Date of Award


Document Type


Degree Name

Master of Science (MS)


Natural Resources

First Advisor

Anthony W. D'Amato


Over the past several decades, the United States has been experiencing an influx of nonnative pests due to increased globalization, and many of these pests have the potential to permanently alter the composition, structure, and function of forests. Asian longhorned beetle (ALB) is an invasive pest that came into Worcester county, MA in 2008, where the first instance of this species invading both urban and natural forested areas was documented. Within the quarantine area for this novel invasion, 30,000 trees were removed over the course of 10 years as part of management efforts focused on harvesting all host species, primarily Acer spp., to prevent ALB spread. While there is great confidence in the effectiveness of these eradication measures, little is known how these natural forests will recover over time. To address this knowledge gap, we examined forest compositional and structural development following three different eradication treatments (full host removals, herbicide, and stump grinding) and patterns with adjacent unimpacted areas. Overall, the results of our observational study found that forests were recovering following similar pathways documented after other disturbances in southern New England forests. There was little difference between eradication treatments in terms of forest composition and structure. Overall, forest types shifted to primarily oak-hickory or pine dominance following the removal of all Acer spp. Most notably, maple species were returning in high numbers in the regeneration layer across all treatments followed by other early colonizing species, including white pine, and black birch. Red maple was the most abundant species for saplings and seedlings and accounted for 43.4% of the sapling layer and 37.1% of the seedling layer across treatments. The density and composition of the regeneration layer did not vary by forest or treatment type. Red maple stump sprouting was documented at 60% of sites but was not found in the control plots. Additionally, invasive plant species represented a small portion of the herbaceous layer constituting 14% of the unique species recorded. Shannon’s diversity of the herbaceous layer differed by forest type, but there was no difference between proportions across treatments. The results of this study suggest that ALB management does not drastically alter forest compositional dynamics in the short term.The second portion of this project examines the long-term effects of ALB management on forests in Worcester county and Cheshire county, New Hampshire using LANDIS-II, a spatially explicit forest vegetation model that incorporates forest inventory data and climate scenarios. We modeled the effects of ALB management on these forests under three low to high emission climate scenarios. Management scenarios included business-as-usual (BAU), partial host (Acer removed), and full host removals (Acer and Betula spp. removed.) We found that climate had a more pronounced effect on final year aboveground biomass than management type. At the final year of simulation across all simulations, white pine, white oak, and red oak were in high abundance. Under BAU management, sugar maple and black birch were in high proportions as well. Overall, the results of these simulations show that under ALB management, forest recovery is dictated by climate more so than host removals. In combination, these studies contribute to our understanding of the short and long-term impacts of Asian longhorned beetle and climate change on forests in southern New England. Practitioners can employ ALB management and confidently expect forests to recover.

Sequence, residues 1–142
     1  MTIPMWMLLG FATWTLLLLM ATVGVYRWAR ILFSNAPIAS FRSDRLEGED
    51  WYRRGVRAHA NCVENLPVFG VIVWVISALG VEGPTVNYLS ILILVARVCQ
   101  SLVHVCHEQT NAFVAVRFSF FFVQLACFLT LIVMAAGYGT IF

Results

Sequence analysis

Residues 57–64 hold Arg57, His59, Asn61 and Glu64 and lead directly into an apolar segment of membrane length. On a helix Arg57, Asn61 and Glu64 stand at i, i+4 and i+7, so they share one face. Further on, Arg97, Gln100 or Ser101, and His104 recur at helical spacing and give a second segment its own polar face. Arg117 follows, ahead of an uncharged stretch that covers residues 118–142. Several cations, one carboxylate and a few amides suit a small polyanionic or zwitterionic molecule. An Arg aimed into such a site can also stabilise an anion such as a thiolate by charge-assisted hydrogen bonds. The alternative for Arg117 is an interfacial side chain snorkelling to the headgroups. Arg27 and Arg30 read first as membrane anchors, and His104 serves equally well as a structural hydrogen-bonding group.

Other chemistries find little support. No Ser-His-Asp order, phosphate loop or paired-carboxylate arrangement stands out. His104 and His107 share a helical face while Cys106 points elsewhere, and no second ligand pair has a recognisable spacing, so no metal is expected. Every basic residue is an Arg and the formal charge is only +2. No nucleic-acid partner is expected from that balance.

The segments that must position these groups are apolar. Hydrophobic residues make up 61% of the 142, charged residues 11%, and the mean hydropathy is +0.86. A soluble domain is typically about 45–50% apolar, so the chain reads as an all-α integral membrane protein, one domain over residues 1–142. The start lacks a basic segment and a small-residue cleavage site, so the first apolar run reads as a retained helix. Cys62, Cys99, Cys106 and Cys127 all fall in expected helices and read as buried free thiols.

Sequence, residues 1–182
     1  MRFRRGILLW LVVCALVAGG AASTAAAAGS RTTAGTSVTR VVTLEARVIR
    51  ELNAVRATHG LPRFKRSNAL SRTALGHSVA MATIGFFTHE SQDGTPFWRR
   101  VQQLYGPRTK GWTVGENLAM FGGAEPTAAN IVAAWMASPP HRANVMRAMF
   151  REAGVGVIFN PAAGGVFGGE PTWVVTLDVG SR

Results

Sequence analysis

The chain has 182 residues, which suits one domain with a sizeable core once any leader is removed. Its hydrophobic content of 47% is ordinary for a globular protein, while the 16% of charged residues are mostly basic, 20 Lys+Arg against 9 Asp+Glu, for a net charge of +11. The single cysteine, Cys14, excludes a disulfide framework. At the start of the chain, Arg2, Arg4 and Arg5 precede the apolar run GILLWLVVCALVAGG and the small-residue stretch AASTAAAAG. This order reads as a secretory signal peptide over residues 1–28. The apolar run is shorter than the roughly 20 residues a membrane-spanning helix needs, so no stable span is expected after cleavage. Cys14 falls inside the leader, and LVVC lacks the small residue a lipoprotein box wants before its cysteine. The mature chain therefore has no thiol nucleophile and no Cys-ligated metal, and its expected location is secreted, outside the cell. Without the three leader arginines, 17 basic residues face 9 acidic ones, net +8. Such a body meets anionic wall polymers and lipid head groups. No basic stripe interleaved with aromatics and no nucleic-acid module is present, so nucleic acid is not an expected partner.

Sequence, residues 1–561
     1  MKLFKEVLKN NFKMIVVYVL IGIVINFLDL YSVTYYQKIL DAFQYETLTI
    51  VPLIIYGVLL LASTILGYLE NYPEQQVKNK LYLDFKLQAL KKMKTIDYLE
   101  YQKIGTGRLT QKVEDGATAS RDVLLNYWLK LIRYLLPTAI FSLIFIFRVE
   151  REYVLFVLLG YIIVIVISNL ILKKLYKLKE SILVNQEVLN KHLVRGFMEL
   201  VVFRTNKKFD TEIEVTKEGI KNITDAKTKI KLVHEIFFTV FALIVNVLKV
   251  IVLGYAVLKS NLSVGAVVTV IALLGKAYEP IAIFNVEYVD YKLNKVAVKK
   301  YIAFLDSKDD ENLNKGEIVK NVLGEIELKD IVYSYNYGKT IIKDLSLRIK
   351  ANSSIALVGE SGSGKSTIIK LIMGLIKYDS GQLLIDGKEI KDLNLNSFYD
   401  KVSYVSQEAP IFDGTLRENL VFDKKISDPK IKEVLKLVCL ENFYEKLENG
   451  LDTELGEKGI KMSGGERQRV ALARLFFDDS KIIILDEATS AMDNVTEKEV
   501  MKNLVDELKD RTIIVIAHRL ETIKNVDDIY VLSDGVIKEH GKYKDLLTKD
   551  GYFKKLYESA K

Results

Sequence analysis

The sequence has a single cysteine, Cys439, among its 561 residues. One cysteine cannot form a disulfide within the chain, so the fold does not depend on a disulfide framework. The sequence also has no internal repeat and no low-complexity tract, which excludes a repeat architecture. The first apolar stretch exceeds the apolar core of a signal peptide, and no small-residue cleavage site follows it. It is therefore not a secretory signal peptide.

Number of Pages

114 p.